>IPV6 Guide

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As the day draws nearer for the world to run out of the unique addresses that allow us to use the Internet — now predicted to happen by the end of 2012 — researchers at the National Institute of Standards and Technology (NIST) have issued a guide for managers, network engineers, transition teams and others to help them deploy the next generation Internet Protocol (IPv6) securely.
Guidelines for the Secure Deployment of IPv6 (NIST Special Publication 800-119), describes the features of IPv6 and the possible related security impacts, provides a comprehensive survey of mechanisms to deploy IPv6 and suggests a deployment strategy for a secure IPv6 environment.
The ballooning popularity of devices, such as smart phones and netbooks, tied to the Internet is rapidly depleting the number of so-called IP addresses available under the current Internet Protocol version 4 (IPv4), so the networkers of the world are preparing to move to the next generation, IPv6. Among other improvements, IPv6 has a vastly greater number of potential addresses — several billion per each of the world’s current population of about 6.9 billion people.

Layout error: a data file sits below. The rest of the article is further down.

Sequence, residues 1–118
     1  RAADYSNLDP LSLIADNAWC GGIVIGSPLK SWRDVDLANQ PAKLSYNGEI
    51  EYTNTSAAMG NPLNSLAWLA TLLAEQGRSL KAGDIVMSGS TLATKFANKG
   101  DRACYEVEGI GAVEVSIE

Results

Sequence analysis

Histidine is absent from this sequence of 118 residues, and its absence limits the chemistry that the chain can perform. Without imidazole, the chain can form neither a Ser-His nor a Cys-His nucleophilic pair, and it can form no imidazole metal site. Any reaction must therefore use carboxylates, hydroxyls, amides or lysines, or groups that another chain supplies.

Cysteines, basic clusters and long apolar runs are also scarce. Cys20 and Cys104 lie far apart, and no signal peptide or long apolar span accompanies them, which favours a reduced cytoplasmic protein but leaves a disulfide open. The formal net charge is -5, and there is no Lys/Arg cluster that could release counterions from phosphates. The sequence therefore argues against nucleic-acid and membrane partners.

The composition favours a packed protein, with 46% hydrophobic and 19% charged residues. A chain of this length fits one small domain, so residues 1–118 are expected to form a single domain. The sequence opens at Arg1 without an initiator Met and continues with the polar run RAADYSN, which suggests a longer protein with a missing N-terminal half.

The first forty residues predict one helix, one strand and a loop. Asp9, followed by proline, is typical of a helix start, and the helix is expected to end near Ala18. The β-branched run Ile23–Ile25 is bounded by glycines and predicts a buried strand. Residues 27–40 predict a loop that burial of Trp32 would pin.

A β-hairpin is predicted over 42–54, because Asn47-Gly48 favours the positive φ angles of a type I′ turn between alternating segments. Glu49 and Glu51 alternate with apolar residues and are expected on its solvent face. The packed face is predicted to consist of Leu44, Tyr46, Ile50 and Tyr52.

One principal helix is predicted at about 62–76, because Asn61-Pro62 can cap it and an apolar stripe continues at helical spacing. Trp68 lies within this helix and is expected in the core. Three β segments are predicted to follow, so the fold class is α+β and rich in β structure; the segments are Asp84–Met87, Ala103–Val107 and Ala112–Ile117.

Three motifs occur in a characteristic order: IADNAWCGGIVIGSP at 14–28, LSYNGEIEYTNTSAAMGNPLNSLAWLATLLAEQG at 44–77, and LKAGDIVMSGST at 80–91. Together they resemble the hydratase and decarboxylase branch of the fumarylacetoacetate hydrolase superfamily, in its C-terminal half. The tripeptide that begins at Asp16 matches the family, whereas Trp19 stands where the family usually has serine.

To ensure that the federal government is prepared for IPv6, the Office of Management and Budget has mandated federal agencies to begin deploying the new protocol. NIST developed the IPv6 security guidelines in support of the Federal Information Security Management Act (FISMA). The publication is designed to help federal agencies avoid possible security risks that could occur during IPv6 deployment. It also could be useful for the private sector and other organizations.
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